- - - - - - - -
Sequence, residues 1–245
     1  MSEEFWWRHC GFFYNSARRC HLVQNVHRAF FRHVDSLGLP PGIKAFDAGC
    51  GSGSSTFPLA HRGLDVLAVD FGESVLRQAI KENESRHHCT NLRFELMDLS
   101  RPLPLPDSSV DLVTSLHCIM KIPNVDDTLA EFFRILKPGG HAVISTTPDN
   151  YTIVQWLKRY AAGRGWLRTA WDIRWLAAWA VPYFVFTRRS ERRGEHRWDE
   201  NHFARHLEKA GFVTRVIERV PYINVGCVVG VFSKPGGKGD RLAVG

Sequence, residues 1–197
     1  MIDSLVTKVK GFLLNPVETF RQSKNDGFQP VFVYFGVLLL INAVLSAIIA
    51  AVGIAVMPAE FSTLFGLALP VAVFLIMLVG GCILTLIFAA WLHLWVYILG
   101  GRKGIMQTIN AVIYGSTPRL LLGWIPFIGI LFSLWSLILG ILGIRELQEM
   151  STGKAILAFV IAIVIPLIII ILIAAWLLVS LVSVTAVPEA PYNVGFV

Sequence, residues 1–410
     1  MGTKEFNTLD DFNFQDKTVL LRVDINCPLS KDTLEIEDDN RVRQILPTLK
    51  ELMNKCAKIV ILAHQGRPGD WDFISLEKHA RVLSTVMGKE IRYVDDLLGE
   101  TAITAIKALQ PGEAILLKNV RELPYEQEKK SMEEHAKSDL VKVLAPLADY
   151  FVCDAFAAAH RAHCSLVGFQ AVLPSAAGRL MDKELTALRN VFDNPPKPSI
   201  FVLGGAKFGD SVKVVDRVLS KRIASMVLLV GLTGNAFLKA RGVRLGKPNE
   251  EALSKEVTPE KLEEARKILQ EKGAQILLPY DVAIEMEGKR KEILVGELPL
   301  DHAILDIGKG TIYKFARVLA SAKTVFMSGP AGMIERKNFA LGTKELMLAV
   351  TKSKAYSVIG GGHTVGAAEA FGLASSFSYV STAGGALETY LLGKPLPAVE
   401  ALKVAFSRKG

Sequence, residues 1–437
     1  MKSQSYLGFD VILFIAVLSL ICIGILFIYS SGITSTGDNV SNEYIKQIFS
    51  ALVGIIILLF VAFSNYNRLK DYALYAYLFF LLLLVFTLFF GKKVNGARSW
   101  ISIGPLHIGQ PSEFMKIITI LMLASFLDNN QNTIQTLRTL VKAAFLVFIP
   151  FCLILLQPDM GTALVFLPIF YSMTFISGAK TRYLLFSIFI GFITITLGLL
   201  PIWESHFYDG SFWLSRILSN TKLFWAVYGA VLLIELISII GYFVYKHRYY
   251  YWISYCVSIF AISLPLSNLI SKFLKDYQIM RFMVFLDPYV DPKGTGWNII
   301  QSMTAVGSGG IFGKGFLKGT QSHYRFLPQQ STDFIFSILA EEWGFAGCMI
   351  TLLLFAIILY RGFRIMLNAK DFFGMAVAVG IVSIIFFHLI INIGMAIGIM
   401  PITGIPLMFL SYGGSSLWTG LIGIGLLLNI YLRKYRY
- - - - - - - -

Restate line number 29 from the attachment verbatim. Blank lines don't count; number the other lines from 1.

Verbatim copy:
   301  QSMTAVGSGG IFGKGFLKGT QSHYRFLPQQ STDFIFSILA EEWGFAGCMI